Edward MacMahon Jr., a criminal defense lawyer who was thrust into the global spotlight as part of the legal team in the 9/11-linked case against Zacarias Moussaoui, dubbed the “20th hijacker,” that became a test of how a civilian court could handle a major international terrorism prosecution, died March 12 at a hospital in Fairfax County, Va. He was 62.
Mr. MacMahon had cancer in his head and neck, said his stepdaughter, Adela Evans Griswold. He lived in The Plains, Va.
From his offices in a converted bungalow in Middleburg, Mr. MacMahon became a leading proponent of allowing U.S. civilian courts to handle sensitive terrorism trials related to the Sept. 11, 2001, attacks. He believed that open trials could showcase American jurisprudence and serve to undercut extremist views.
He also offered blistering criticism of the military commissions at Guantánamo Bay to try “enemy combatants.” Mr. MacMahon argued that the process was set up too quickly after 9/11 and put defense teams into uncharted territory with no previous case law or constitutional precedents as a guide, creating what he called “trial by whim.”
“Guantánamo is now the worst brand of justice in the world,” he told a University of Virginia gathering in 2009. “I call it the New Coke of the law.”
Mr. MacMahon made dozens of trips to Guantánamo as part of the John Adams Project, a group formed to provide experienced defense lawyers to assist military attorneys with some of the most high-profile detainees. Among Mr. MacMahon’s clients were alleged senior al-Qaeda operatives Walid bin Attash and Khalid Sheikh Mohammed.
“The court-martial system is not a system that is set up to try complex, conspiracy, multi-defendant or really even death penalty cases,” he said. “But the Justice Department … has vast experience in these kinds of cases. And they are the people who, I believe, should be in charge and prosecuting these cases.”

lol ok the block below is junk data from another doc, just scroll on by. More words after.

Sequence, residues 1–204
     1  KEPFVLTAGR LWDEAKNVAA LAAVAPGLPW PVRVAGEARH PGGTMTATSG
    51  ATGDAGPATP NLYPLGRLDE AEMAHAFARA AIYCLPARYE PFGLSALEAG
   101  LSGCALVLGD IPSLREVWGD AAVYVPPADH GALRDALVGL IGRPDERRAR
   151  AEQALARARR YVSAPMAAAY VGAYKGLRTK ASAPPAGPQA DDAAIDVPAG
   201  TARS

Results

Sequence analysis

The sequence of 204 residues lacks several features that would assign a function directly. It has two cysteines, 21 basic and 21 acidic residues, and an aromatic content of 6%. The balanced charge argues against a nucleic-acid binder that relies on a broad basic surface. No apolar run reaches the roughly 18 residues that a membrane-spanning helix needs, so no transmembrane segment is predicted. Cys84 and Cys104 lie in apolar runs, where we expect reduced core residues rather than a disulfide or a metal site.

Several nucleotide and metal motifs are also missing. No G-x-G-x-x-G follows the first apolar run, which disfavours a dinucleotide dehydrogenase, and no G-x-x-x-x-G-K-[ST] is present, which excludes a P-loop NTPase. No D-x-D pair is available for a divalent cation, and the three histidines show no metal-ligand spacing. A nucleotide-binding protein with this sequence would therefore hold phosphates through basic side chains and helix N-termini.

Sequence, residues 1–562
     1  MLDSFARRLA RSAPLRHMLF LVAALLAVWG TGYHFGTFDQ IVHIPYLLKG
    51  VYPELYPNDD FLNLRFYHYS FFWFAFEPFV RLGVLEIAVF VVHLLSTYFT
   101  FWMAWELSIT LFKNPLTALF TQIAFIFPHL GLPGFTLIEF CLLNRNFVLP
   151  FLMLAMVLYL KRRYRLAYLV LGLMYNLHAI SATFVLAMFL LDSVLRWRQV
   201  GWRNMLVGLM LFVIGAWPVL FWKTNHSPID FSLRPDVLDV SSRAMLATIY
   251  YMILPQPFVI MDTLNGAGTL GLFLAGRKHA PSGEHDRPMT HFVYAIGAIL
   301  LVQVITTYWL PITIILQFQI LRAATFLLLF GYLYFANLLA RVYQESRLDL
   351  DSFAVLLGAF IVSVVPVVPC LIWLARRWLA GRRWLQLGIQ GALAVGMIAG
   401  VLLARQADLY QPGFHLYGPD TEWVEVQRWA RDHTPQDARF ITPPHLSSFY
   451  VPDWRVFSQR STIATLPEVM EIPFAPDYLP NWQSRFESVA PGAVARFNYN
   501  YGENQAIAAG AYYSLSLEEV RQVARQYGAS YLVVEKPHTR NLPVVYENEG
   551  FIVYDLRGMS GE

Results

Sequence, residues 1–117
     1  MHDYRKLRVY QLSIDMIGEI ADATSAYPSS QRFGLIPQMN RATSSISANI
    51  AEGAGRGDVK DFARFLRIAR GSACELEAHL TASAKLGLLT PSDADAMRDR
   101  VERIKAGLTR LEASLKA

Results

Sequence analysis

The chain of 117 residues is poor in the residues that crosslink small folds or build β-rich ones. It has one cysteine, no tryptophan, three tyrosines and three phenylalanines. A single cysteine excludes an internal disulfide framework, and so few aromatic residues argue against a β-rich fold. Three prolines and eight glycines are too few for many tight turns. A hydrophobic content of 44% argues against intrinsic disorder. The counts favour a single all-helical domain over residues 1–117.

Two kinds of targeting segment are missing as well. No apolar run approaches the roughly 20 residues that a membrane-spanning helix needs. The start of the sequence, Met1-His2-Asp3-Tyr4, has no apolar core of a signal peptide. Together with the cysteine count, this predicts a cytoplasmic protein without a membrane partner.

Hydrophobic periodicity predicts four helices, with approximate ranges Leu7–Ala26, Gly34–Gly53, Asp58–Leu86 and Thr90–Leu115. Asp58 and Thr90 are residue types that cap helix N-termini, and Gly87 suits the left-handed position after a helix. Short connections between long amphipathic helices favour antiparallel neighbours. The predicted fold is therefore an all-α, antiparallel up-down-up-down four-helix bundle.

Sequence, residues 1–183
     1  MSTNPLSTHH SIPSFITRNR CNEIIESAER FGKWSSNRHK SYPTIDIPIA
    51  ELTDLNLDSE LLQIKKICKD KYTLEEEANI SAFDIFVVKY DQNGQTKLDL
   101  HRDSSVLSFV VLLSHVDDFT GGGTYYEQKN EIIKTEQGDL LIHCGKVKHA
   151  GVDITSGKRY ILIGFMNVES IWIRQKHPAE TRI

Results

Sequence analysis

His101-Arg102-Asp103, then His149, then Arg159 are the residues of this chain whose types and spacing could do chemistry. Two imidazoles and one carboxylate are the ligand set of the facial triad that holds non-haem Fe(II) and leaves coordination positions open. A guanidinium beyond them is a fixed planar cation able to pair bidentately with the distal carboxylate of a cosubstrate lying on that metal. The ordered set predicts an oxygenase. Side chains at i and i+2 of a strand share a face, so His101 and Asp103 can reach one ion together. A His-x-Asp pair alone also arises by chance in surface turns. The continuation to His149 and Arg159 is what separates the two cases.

A phone call on Dec. 11, 2001, changed Mr. MacMahon’s career. On the line was U.S. District Judge Claude M. Hilton, who once had Mr. MacMahon as a clerk in the 1980s.
They had remained close, and Hilton was seeking another court-appointed lawyer to help defend Moussaoui, a French citizen of Moroccan descent who was indicted in December 2001 on charges of conspiring with al-Qaeda leader Osama bin Laden and the 19 hijackers in the 9/11 attacks.
“[Hilton] called me at my office and told me that he had a client for me,” recounted Mr. MacMahon. At the time, he had no experience in terrorism-related cases and was mostly known for defending employers in discrimination lawsuits. He had watched the first reports of the Sept. 11 attacks on a TV at a courthouse in Warrenton, Va.
Mr. MacMahon was soon holding strategy sessions with the defense team (which eventually grew to a five lawyers) and was meeting with Moussaoui, who was arrested in August 2001 after he raised suspicion at a Minnesota flight school by asking about learning to pilot a Boeing 747.
Prosecutors claimed that Moussaoui was part of the wider 9/11 plot and was the only major suspect caught on U.S. soil. Even before a trial could begin, Moussaoui was attempting to turn his arraignments into political theater. It was a hint of what was ahead.
Moussaoui would fire his defense team and act as his own counsel, leaving Mr. MacMahon and his colleagues in a standby role for side issues — and in case the patience of federal Judge Leonie M. Brinkema finally wore out.